The problem with EM and Percent

EM and percent suffer from a problem called compounding. Because they inherit from their parents, compounding happens when font sizes are unexpectedly calculated over multiple nested levels. The font size is recalculated with every nested child element giving you a much larger or smaller font size than originally intended.

For example:

body { font-size: 16px; }
.parent { font-size: 1em; }
.child { font-size: 2em; }
<body>
  <!-- font size of the body is set to 16px -->
  <div class="parent">
    This text would be 16px: 1(em)*16(px)=16(px)
    <div class="child">
      This text would be 32px, as expected: 2(em)*16(px)=32(px)
      <div class="child">
        This text would be 64px, not as expected: 2(em)*32(px)=64(px)
        <div class="child">
          This text would be 128px, definitely not as expected: 2(em)*64(px)=128(px)
        </div>
      </div>
    </div>
  </div>
</body>

To get around this problem of compounding, we can use the REM unit.

What is REM?

Using REMs is the easiest way to make your font sizes scale and still maintain control over your whole design.

REM units are almost the same as the EM unit. The key difference is that rather than inheriting their size from their parent elements, they always inherit from the root element. REM literally means ‘Root EM’, but unlike the old-school EM unit, REMs were invented purely for the digital world, to prevent the compounding issue.

The way a REM works is by always going to the root element on the page to calculate the font size. The root element is the first element on the page, which is the <html> tag, and unless you override it in your CSS, the HTML tag will always try to inherit its default font size from the browsers user settings.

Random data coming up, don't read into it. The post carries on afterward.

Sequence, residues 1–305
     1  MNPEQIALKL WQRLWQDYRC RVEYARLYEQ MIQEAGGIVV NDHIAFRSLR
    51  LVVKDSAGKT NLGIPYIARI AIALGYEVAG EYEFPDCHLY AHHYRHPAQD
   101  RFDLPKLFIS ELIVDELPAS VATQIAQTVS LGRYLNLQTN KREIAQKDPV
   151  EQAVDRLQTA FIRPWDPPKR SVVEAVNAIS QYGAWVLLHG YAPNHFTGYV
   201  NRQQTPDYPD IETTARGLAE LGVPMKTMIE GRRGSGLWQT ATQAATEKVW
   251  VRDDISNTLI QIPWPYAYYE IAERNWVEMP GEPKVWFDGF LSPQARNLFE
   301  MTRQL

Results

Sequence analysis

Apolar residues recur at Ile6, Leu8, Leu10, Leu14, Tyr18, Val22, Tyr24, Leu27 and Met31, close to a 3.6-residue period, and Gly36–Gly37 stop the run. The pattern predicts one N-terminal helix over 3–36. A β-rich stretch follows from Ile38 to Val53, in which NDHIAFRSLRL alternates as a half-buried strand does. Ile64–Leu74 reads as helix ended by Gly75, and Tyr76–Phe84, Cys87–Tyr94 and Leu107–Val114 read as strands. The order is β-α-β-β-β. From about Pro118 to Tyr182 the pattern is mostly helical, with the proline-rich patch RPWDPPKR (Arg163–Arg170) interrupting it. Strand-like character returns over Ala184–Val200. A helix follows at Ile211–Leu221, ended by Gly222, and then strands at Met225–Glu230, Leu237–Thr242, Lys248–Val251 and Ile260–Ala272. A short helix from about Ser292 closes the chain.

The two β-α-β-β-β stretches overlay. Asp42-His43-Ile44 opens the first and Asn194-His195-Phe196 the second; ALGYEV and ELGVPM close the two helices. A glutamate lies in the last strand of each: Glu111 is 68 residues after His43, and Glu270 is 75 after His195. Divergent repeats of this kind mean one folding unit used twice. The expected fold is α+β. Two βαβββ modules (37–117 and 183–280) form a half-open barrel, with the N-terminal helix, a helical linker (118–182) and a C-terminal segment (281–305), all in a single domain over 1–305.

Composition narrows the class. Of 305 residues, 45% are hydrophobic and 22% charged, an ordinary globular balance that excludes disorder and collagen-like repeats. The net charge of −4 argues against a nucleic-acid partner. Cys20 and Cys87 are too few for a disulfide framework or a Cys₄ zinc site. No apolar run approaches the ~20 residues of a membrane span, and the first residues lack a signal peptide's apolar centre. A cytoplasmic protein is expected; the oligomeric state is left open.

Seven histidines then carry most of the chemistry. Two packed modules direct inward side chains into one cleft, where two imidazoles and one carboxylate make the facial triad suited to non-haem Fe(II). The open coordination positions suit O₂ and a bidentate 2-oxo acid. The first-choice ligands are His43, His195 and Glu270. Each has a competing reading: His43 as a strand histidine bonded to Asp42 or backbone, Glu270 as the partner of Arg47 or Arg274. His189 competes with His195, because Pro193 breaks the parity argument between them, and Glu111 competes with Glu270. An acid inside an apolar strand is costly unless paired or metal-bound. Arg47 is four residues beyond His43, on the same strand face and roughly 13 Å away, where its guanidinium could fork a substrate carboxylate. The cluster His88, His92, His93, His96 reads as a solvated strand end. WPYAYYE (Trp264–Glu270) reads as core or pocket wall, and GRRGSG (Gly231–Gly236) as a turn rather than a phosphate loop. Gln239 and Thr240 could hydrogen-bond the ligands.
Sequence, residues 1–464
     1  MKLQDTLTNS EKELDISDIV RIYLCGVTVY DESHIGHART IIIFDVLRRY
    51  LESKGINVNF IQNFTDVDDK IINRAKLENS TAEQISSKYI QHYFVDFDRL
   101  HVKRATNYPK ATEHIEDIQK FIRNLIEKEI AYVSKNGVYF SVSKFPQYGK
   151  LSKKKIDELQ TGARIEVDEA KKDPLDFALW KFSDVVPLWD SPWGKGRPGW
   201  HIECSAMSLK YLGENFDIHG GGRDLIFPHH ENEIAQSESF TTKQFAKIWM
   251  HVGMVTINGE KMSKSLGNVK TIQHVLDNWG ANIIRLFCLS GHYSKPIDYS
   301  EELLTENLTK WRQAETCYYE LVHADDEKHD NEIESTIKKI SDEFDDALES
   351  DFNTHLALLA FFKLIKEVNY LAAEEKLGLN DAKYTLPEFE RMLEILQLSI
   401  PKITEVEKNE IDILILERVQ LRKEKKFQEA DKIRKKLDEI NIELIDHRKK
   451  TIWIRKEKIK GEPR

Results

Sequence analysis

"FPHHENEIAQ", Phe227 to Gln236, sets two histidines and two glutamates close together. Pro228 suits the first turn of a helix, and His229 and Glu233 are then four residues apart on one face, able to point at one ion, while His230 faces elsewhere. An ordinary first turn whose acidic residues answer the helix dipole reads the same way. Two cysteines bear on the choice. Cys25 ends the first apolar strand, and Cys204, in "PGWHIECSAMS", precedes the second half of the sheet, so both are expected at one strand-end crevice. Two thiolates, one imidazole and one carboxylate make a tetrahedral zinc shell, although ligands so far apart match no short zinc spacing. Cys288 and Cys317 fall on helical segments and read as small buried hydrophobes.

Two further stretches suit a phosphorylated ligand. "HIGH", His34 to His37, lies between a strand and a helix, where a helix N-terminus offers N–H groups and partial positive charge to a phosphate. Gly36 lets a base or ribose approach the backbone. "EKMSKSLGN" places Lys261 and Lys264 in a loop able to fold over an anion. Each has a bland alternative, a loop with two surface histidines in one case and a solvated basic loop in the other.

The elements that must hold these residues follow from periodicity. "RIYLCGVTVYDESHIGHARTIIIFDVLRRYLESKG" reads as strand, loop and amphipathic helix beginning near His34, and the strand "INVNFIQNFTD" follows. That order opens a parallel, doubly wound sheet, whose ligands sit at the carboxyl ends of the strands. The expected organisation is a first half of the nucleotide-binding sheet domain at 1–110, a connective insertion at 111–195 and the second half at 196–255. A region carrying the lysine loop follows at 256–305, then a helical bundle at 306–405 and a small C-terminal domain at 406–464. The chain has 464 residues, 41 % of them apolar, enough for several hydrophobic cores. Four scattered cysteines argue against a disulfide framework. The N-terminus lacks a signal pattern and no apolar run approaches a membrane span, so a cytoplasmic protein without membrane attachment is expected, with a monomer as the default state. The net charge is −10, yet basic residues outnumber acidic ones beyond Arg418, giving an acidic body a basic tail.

In most modern browsers, the default user setting for font size is 16px. In Chrome and Edge this is labelled ‘medium’, but there are also settings for ‘large’ and ‘very large’. Large is 20px, and very large is 24px. So, font-size:1rem can technically be 16px, 20px or 24px high depending on the user settings in the browser. Whereas font-size:16px will always be 16px.

For example:

p { font-size: 1rem; }  /* could be 16px, 20px or 24px */
p { font-size: 2rem; }  /* could be 32px, 40px or 48px */
p { font-size: .5rem; } /* could be 8px, 10px or 12px */
p { font-size: 16px; }  /* would only ever be 16px */

By using REM, you can nest child elements and the font size no longer has the compounding issue:

.parent { font-size: 1rem; }
.child { font-size: 2rem; }
<html>
  <!-- assume the font size is set to 16px in the user settings -->
  <body>
    <div class="parent">
      This text would be 16px: 1(rem)*16(px)=16(px)
      <div class="child">
        This text would be 32px, as expected: 2(rem)*16(px)=32(px)
        <div class="child">
          This text would be 32px, as expected: 2(rem)*16(px)=32(px)
          <div class="child">
            This text would be 32px, as expected: 2(rem)*16(px)=32(px)
          </div>
        </div>
      </div>
    </div>
  </body>
</html>

Conclusion

Don’t use pixels for font sizes because it removes important accessibility options people may rely on.

Pixel perfect websites are a fallacy. Websites should be fluid. You can never design a perfect layout for every device in the world, so just design a one which works!

You may do a pixel perfect design for mobile, tablet and desktop, but are you really going to start doing designs for people browsing your website on Smart TV’s, Tesla Cars and Smart Watches?

People don’t care if the margin is 3px smaller than the designer wanted it to be. People care when they can’t read the content because you’ve locked down the font size or it overlaps when they scale it up.

As a general rule, just use REM for anything which needs to be flexible and may affect readability, such as font size and margins. Use percent for container widths, such as columns. And, only use EM when your design specifically needs the scaling to be relevant to the parent element. Although, I’m yet to find a reason to ever use EM over REM, but maybe one exists.

Only ever use pixels for stylistic choices which do not need to scale, like borders and horizontal rules. Sometimes you might also want padding in pixels, depending on the design.

For example:

.panel {
  width: 100%;
  font-size: 1rem;
  margin-top: 1.5rem;
  margin-bottom: 1.5rem;
  padding: 10px;
  border: 2px solid #000;
}

And, finally. Always, always; scale the font size up and make sure your design works before you publish it!